Practicing deliberately

I just finished re-reading The Passionate Programmer, by Chad Fowler. I posted about this book, the first time I read it back in September of 2009. One of the topics I focused on this time was the idea of practicing your art.

Programming is a lot like painting and music. While there is arguably more science to programming, there is a strong art component to it as well. You can look at two pieces of code that do the same thing, but chances are you will better appreciate the one that is more aesthetically pleasing, easier to understand, and as a result easier to maintain. Writing maintainable code takes experience and structure. Often times, when you look at a piece of ugly code, it was ugly because the developer was learning something new. Essentially, they were practicing on the job. Like in music, practice isn’t meant to always be beautiful, but a performance is. As developers, we should look at the time we spend at work as performance, not practice. We get paid to perform, as scientist and artist. Practicing is something great developers do on their own time. This may be learning a new language to broaden our understanding of the technologies available (adding more tools to our toolbox) or learning a new framework or portion of the language we already work in. Maybe it means learning how to better automate our workflow and builds, so we don’t spend so much time doing the same task over and over. Whatever it is we want to learn, thinking of ourselves as artist and practicing our skills away from the day job is critical to developing as a great programmer.

In keeping with the idea of programming as art, thinking about practicing as an art can help us to better apply learning to technology. As a musician, sitting down behind your instrument with no plan is a waste of time. You end up playing a few scales or some beats on the kit, maybe playing along with your favorite song, and walk away at the end of your session no better than you were when you sat down. While your skills didn’t atrophy, you didn’t really learn anything either. It wasn’t time well spent. I’m certainly guilty of this both behind the keyboard and behind the drums. It is said that it takes about 10 years and/or 10,000 hours of deliberate practice to become an expert at something. So how do you practice deliberately?

* Determine your goals. Maybe it is reading a specific book, or working on a learning a new framework. Set your goals before you sit down at the computer. Determine the minimum amount of time you want to spend practicing and don’t let yourself get sidetracked until you have at least that amount of time in. Not setting goals is a sure way of walking away from the keyboard with nothing accomplished.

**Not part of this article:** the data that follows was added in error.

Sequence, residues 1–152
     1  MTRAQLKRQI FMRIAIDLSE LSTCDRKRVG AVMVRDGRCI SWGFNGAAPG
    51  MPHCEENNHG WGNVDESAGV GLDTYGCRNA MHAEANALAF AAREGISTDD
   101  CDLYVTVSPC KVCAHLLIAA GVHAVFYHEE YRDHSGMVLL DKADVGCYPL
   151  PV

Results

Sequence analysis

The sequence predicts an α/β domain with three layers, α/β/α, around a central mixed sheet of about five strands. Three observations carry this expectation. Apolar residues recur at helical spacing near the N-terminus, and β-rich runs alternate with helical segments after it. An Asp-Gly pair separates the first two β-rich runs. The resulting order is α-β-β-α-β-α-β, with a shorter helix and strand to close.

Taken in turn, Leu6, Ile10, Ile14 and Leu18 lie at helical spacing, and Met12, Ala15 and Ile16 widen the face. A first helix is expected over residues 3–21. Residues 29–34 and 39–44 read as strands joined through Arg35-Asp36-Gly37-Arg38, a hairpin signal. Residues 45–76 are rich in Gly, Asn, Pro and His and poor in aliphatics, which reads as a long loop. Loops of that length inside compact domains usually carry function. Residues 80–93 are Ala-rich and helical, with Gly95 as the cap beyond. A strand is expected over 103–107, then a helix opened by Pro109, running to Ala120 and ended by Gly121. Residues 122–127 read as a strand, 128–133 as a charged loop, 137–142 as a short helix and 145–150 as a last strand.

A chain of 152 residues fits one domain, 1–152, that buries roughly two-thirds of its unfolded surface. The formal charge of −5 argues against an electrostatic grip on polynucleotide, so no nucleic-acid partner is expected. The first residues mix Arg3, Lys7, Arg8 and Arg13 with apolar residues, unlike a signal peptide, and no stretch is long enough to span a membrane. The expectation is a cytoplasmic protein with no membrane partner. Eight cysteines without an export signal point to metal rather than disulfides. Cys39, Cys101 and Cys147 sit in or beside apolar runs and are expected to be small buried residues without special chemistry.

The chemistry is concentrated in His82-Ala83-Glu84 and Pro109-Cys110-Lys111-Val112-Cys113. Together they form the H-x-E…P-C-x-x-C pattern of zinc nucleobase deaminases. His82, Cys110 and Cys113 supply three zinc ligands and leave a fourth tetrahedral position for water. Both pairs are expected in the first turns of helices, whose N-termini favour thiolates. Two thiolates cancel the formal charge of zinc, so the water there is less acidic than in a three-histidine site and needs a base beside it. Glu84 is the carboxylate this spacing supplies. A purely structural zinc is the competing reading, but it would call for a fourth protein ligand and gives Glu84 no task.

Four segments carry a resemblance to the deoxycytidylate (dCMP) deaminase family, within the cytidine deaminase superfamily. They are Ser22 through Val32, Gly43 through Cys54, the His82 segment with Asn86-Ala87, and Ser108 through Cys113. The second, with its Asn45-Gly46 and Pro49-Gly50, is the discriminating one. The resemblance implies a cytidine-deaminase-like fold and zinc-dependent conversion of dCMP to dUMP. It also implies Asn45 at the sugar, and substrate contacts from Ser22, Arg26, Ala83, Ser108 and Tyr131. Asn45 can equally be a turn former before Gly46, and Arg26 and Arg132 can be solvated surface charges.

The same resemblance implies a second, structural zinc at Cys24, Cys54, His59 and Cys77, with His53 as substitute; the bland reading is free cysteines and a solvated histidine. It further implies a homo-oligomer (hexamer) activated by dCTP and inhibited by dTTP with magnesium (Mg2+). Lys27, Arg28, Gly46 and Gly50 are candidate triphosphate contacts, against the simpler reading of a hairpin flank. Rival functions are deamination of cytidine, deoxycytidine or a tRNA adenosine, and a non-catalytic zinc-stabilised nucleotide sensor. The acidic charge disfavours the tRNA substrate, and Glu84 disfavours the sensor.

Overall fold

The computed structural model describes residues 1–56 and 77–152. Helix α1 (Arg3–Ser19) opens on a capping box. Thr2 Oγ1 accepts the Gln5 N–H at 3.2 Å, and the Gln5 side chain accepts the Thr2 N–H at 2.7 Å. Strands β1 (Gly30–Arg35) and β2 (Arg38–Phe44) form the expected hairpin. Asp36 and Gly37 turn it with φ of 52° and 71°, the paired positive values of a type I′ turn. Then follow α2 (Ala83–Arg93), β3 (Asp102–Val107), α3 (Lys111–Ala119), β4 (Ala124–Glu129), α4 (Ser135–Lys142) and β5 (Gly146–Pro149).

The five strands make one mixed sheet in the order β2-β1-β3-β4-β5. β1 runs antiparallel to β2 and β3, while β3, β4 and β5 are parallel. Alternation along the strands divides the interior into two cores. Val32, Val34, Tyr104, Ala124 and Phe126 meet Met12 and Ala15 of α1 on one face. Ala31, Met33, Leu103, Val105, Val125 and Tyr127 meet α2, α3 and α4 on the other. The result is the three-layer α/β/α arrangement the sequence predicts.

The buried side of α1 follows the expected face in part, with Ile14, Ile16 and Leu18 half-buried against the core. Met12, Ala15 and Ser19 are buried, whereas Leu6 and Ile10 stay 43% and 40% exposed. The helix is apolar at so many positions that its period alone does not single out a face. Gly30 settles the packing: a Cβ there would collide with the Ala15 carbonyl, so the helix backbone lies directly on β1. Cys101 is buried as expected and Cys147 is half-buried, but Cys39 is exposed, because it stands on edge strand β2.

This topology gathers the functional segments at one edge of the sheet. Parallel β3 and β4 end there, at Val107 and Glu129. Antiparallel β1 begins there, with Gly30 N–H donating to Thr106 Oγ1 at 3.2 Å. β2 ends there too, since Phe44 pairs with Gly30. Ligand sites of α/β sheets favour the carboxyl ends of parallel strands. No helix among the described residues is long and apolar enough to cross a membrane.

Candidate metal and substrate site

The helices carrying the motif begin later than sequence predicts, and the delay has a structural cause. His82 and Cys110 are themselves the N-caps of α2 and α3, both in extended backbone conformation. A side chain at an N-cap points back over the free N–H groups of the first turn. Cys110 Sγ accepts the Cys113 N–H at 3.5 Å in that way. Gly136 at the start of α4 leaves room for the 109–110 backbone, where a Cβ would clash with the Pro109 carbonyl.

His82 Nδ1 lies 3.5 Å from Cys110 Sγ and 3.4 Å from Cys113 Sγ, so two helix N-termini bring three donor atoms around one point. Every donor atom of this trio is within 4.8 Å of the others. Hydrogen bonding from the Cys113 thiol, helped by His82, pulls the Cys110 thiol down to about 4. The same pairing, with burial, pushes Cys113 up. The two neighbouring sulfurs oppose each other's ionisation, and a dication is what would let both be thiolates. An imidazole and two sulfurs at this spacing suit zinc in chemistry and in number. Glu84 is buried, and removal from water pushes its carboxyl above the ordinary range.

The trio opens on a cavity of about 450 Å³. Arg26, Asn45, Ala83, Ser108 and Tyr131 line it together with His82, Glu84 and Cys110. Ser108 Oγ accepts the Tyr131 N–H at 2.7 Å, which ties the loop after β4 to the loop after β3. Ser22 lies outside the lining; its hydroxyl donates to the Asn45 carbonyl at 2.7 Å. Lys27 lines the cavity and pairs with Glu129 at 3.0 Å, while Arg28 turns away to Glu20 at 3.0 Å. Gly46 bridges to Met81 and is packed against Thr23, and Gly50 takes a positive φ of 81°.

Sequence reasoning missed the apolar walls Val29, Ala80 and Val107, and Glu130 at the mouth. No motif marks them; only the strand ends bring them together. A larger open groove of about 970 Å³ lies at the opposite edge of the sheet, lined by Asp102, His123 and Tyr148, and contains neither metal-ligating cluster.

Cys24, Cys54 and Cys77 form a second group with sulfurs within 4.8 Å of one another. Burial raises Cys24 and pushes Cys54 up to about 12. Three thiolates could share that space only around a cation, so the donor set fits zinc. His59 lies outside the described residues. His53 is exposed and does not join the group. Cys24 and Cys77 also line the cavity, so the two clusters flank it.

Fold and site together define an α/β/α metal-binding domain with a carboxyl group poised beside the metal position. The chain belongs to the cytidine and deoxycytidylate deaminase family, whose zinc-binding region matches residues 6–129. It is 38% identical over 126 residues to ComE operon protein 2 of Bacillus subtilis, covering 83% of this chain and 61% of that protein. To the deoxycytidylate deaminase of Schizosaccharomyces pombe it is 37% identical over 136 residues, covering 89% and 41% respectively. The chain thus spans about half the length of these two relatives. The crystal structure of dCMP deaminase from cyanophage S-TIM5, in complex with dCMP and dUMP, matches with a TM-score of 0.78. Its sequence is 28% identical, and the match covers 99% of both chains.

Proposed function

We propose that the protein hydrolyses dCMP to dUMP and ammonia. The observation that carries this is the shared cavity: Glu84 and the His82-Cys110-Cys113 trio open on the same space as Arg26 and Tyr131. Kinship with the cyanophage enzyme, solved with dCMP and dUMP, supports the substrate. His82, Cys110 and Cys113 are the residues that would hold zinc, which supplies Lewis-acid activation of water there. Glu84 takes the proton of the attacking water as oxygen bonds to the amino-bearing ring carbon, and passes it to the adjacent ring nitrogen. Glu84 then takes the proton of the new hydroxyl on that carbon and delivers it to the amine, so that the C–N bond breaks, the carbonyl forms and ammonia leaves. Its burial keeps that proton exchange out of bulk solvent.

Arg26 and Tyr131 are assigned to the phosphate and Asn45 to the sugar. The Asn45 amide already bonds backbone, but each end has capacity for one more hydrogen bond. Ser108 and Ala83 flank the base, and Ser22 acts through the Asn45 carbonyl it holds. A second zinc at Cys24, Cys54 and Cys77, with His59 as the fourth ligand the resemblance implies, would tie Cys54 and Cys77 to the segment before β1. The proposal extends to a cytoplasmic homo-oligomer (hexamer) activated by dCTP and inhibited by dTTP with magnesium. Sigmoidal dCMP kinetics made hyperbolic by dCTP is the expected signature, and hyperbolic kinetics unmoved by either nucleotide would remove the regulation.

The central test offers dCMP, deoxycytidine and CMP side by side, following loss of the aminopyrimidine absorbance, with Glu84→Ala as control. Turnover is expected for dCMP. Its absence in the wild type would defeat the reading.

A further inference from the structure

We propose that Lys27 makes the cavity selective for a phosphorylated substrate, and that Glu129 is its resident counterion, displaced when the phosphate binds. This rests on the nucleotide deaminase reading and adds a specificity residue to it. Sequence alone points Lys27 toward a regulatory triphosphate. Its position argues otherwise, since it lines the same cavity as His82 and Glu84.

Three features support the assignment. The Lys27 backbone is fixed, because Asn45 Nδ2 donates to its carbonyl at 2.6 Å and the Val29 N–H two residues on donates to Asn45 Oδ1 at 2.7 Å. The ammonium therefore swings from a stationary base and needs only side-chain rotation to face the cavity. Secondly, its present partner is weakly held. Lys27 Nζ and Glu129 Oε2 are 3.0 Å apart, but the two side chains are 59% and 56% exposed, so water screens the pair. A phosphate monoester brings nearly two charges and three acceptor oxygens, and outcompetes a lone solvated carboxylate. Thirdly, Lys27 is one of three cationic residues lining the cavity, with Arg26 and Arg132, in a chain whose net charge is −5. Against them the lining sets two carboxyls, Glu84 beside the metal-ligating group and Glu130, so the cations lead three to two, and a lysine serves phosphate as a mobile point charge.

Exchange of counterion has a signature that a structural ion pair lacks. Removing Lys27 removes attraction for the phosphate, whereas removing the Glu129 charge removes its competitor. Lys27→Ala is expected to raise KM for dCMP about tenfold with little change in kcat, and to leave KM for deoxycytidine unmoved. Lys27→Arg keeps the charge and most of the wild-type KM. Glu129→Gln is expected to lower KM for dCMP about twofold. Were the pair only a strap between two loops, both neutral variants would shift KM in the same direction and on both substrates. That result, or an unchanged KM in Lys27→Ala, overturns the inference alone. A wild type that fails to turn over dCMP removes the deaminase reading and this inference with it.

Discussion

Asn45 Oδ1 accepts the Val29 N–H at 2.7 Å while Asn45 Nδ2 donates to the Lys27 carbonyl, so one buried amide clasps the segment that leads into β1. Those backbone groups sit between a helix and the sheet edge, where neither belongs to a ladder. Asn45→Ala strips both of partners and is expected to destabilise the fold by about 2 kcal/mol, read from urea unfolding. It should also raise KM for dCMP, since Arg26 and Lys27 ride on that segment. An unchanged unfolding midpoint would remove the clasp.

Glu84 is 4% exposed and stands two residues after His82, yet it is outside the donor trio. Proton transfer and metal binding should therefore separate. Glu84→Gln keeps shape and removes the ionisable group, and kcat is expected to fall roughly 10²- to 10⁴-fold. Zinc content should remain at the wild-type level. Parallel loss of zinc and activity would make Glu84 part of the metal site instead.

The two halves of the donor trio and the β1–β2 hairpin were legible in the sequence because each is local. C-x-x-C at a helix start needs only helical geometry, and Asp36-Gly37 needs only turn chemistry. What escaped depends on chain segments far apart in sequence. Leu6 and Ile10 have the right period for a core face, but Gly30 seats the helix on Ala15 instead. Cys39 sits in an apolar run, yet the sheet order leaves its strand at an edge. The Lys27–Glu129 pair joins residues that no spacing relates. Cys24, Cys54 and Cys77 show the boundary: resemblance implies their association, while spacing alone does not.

* Realize that deliberate practice is often slow and error prone.  While learning something new, give yourself the freedom to make mistakes and go slow. Don’t move ahead if you don’t understand what you working on and why the code you are writing works. This is really common when working from a programming book. It is too easy to copy and paste code samples and push through the material too quickly. If you don’t understand what you are working on, how do you expect to be able to efficiently use it in the future.

*Stay focused. Don’t turn on the TV. If you can, avoid interruptions like children and email. Leave your phone in another room so you aren’t tempted to check the latest Facebook post.

* Write down your achievements and insights. You learn by doing and in the process often have insights that can help you in your job. Write them down. Don’t trust yourself to remember everything the next day, especially since it will be unlikely you will have the chance to implement your ideas right away.

* Look for ways to continue practicing the skills you learned. If learning a technology that is different than you use at work, find a small program you want to write for yourself, whether you will use that program or not. The act of doing is far more educational than the act of observing (reading for instance). If you really enjoy the technology you are learning, look for an open source project you can contribute to. There has never been a time when it was easier to find and participate in new technology. This is also a great way to find a person or group who can help mentor you. Don’t have a project but you want to try solving specific problems with the language you are learning? Check out Project Euler  or the Ubuntu Programming Forums for specific challenges. There are many sites like this that can give you ideas of short programs you can write to depend your understanding of the language.

Sources: 

* How many hours a day should you practice?

* The Passionate Programmer